The answer to this question actually depends on several factors. In order to understand this, it is helpful to understand what a sickle cell is, and where it comes from. A sickle cell is simply a red blood cell that has an abnormal elongated (sickle- or banana-like) shape due to its possession of hemoglobin that was not constructed properly. This construction error occurs because of a mutation in a gene that plays a part in directing the hemoglobin assembly-- that is, the hemoglobin gets constructed wrong because there is a mistake in the blueprint instructions for how to build it. So, a sickle cell is really just a red blood cell that, because it contains one faulty part, ends up having a different shape.
What would happen if one of these cells somehow got into your blood stream? Well, probably nothing, actually. The sickle cell is not really dangerous or harmful-- it does not release any toxins, or destroy other cells, or even interfere with your normal bodily functions. However, while it is theoretically possible for you to have one sickle cell in your body (say by a blood transfusion), the reality is that either your body produces proper red blood cells (in which case you wont have any sickle cells) or it produces sickle cells (in which case you will have a lot of sickle cells). While a single sickle cell is dangerous, having a lot of sickle cells in your blood can cause problems!
Normal red blood cells are round (kind of like a donut, but with just a depression instead of a hole in the middle) and smooth. This shape is perfect for them to accomplish their task of drifting easily through the blood vessels carrying oxygen to your body. They just flow smoothly, bumping off the sides and around anything else they encounter, kind of like an inner tube on a stream. However, because sickle cells have an elongated more jagged shape, they flow more like a canoe or a kayak than an inner tube: they are more likely to get stuck when they run into something. So, when a normal red blood cell enters a very narrow capillary, it will just flow right through, but a sickle cell is more likely to go in sideways and get stuck because it does not fit very well. When a lot of sickle cells are present a huge logjam of stuck cells can result!
Such a blockage prevents the proper flow of oxygen-carrying red blood cells into the capillary, and as a consequence that part of the body does not receive the oxygen it needs. When an organ does not receive enough oxygen it can be damaged or even die, so this is a serious problem. Imagine if your liver, heart, or brain were to become damaged or die! Therefore, people whose bodies produce sickle cells can suffer from these blockages, which are painful and also can cause major health problems or even death.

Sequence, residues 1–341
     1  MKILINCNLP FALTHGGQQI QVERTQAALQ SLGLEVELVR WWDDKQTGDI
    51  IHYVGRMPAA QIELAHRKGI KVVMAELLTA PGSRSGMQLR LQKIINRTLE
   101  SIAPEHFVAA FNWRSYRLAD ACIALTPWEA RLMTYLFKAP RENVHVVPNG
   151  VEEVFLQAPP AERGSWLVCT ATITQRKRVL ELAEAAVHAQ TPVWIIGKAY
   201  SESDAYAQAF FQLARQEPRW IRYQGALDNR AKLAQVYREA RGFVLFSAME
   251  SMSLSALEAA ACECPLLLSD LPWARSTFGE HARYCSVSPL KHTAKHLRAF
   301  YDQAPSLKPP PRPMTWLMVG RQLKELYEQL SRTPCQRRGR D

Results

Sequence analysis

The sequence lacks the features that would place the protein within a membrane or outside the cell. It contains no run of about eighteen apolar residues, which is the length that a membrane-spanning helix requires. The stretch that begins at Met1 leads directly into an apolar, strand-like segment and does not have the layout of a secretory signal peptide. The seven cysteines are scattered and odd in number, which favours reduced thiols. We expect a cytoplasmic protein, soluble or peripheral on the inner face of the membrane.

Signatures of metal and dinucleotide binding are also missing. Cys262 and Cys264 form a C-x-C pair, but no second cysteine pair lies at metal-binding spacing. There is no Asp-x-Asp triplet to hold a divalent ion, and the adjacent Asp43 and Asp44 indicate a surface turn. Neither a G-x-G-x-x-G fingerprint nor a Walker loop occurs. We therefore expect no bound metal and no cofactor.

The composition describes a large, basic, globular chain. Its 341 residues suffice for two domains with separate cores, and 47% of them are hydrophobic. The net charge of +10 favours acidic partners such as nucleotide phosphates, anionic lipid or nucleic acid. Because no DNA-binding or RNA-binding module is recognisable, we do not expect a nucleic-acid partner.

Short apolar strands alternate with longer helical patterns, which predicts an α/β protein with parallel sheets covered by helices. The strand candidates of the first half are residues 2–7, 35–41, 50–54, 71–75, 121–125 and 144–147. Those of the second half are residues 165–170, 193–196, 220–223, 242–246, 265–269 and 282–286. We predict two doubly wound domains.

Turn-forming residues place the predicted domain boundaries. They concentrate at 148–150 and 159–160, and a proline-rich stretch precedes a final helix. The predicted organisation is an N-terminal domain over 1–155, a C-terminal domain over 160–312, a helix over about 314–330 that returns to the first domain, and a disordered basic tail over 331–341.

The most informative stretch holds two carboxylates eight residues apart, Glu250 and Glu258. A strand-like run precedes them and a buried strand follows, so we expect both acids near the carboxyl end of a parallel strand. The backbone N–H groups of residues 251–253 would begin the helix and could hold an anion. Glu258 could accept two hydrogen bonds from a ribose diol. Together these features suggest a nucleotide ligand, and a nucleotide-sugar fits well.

How bad of a problem this is depends on how many of the sickle cells are produced in the body. In our DNA we all have two copies of every gene: one from our mother, and one from our father. If a person receives a normal copy of the key hemoglobin construction gene from both parents, that persons body has two good hemoglobin blueprints and will only produce normal cells. In that case, sickle cells will never be a problem. However, if a person receives a normal copy from one parent but a sickle copy from the other parent, that persons body will have one of each kind of blueprint and will therefore produce both types of cells. In this case, the sickle cell problem is not very great since a lot of the red blood cells are normal, but occasionally the sickle cells can cause blockages to occur resulting in a health crisis. This kind of problem is more likely to occur during periods of exercise, when blood flow and the bodys oxygen demands are higher, or when the body is dehydrated, resulting in generally poorer blood flow. Finally, if a person receives a bad copy of the gene from both parents, that persons body will produce only sickle red blood cells. In this case, the blockage problems are likely to be frequent and severe.
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